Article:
At the European Parliament: Domestic violence against people with disability
Sisters of Frida was asked to speak at an event hosted by Soraya Post MEP on Domestic violence against disabled people by the European Network of Independent Living (ENIL) on the 31st January 2017. Here is the speech from Eleanor Lisney ( a summarised version was given as the meeting ran out of time)
Having support for independent living is one of the fundamental needs of disabled people and the structural barriers of being able to exercise our rights is in our battles with social services, schools, higher education, housing, stigmas and discrimination and ableism.
Embla and Freyja were giving their testimonies on behalf ofÂ the next day on domestic violence against disabled people. Here is their speech for TabĂș.
It is clear that a new definition of domestic violence in itself will not solve the social situation of disabled women and end domestic violence against us. That does not change the fact that by redefining domestic violence legally and in policy can change, for the better, the practices of the police, legal system, social services and violence support networks. Changing the definition does not have to shadow the gender-based approach, it should enrich it. This should not have to exclude tackling of other forms of violence, e.g. institutional violence and hate crime. More so it could draw upon the multiple and concurrent forms of violence that should be beneficial to disabled women and service systems. It could deepen the understanding of which kind of violence affects or actuate other kinds of violence as well as offering a better ground to analyse how structures and cultures encourage and minimize abuse in the lives of disabled women.”
We also met up with all four of the Disabled Survivors Unite co-founders from the UK – Alice Kirkby, Ashley Stephens, Holly Scott-Gardner andÂ Bekki Smiddy. Here is their blog of the day with a audio recording and transcript. There was much appreciation of their testimonies.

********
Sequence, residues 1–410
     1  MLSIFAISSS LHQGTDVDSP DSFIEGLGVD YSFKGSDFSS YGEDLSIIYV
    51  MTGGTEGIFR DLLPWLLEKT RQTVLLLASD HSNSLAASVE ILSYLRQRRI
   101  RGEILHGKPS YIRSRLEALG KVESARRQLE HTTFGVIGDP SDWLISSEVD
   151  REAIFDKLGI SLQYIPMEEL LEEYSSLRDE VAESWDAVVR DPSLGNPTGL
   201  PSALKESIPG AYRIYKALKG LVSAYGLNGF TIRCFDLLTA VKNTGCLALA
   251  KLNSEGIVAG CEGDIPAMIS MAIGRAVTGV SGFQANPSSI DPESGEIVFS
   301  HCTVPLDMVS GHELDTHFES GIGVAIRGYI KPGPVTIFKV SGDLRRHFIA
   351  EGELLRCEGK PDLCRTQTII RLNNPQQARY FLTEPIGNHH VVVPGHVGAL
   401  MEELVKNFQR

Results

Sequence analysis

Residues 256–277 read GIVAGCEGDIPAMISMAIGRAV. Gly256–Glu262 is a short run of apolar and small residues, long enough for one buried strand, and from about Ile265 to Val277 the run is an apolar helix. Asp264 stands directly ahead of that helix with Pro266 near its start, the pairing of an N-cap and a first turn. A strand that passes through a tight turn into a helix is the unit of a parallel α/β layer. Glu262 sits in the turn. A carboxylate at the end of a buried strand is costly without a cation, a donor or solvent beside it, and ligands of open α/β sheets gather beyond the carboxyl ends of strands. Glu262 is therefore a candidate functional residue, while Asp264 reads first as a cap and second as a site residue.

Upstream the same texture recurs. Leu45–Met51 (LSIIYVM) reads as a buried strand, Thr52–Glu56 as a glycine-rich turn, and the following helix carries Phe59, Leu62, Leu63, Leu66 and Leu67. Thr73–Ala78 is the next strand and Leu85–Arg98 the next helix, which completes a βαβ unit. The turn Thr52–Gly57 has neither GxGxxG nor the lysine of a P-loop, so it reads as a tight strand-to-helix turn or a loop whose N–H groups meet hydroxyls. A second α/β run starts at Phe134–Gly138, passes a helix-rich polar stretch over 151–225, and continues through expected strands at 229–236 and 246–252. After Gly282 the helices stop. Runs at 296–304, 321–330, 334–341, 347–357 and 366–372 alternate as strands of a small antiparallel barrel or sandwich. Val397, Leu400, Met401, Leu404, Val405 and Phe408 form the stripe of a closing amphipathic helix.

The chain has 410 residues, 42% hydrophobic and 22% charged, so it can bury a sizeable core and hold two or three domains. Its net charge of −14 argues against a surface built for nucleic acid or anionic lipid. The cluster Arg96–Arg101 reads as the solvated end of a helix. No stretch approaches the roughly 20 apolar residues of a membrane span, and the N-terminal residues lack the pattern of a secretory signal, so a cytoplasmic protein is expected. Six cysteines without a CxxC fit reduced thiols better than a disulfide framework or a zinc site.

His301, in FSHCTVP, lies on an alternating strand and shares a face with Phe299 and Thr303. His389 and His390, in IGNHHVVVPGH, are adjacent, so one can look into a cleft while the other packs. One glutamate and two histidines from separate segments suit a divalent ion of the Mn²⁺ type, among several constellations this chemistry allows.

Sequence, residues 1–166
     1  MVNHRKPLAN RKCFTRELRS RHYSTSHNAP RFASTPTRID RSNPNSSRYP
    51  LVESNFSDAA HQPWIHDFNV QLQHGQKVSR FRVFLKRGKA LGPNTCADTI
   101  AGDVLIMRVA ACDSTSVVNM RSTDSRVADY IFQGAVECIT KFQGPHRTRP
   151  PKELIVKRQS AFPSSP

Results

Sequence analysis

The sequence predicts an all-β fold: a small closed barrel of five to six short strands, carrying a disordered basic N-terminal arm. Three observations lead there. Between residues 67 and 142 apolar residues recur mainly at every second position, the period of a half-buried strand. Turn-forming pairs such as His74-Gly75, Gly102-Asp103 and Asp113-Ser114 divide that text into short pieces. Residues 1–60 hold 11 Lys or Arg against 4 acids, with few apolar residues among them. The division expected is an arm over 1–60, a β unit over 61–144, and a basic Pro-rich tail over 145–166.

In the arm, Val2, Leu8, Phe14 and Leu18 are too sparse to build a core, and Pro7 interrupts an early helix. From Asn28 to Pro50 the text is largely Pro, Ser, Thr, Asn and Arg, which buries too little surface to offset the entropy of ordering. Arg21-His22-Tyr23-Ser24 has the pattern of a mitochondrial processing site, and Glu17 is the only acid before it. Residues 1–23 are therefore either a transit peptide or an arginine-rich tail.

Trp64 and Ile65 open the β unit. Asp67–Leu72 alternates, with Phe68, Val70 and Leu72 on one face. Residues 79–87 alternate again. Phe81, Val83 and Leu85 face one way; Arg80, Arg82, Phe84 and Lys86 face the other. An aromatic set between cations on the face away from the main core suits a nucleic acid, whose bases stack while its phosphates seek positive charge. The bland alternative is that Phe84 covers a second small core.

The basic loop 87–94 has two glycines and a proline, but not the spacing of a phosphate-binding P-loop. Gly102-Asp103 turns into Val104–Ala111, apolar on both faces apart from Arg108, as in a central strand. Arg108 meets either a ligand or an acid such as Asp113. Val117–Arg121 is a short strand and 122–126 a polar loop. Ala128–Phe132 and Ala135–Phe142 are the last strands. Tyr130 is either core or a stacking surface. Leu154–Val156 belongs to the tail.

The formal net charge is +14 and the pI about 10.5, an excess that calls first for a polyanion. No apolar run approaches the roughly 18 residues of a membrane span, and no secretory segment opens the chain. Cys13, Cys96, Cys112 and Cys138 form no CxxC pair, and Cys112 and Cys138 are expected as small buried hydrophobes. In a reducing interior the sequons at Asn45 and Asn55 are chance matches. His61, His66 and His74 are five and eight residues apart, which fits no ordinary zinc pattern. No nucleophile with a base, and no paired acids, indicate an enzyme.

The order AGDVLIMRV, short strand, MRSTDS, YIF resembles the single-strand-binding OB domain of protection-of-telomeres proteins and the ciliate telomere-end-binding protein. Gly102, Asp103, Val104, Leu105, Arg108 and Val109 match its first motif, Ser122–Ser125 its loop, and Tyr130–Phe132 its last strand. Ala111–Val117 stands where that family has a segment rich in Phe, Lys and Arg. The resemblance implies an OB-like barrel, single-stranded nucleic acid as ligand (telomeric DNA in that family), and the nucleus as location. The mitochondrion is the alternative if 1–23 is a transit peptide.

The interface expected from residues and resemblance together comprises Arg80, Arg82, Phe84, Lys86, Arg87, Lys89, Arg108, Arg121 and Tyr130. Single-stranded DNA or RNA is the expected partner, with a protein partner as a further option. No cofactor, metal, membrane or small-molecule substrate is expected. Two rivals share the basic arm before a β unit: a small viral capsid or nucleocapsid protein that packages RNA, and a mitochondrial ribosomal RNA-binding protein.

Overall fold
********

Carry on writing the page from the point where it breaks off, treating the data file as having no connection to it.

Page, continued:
John Pring of Disability News Service wrote the articleÂ ‘Cuts mean government âis complicit in high levels of domestic violenceâ on their appearance.
Ana PelĂĄez, the Chair of the European Disability Forum (EDF) Womenâs Committee and a member of its Executive Committee spoke on the structual problems faced by disabled women and girls
So the first thing we need to say is that violence against women and girls with disabilities is structural violence that arises from the mere fact that when we talk about their specific situation they are not recognised as women or girls. This non-recognition means they are excluded from policies aimed at providing assistance and recovery for women victims of violence. (Another related topic is the accessibility of these services, but today we donât have time to go into this.)
A second structural aspect of violence against women and girls with disabilities is that in many cases they are victims of legal incapacitation which takes place due to their gender. This incapacitation is part of the process to enable these women to be subjected to forced sterilisation without their consent, or without their realising what is being done to them. This practise is another type of domestic violence in some ways, because it is the families who, in violation of the CRPD and even article 39 of the Istanbul Convention, choose to sterilise their daughters to protect them against unwanted pregnancies. I donât mean to blame the families; they are also victims of the healthcare system, which very often suggests this type of practise. Sterilising a woman means mutilating not only her reproductive capacity, but also her civil, political and economic rights. In addition, the only thing sterilisation achieves is to leave girls and women with disabilities even more exposed to sexual abuse and rape. Even worse, they are also unable to access justice to report the perpetrators or seek remedies, because they have been deprived of their legal capacity.
Here is the Ana PelĂĄez EPÂ (Word doc) speech in full that she kindly send us.
It was wonderful to meet Madelen LĂ¶w from We Rise Again (Sweden) who spoke her powerful testimony
People who were involved with the event spoke of their willingness to have further collaboration on the topic – we hope so! We will continue to follow the discussions. There was much mention of the Istanbul Convention that we hope will be ratified soon by the UK.
More photos from the event at Flickr account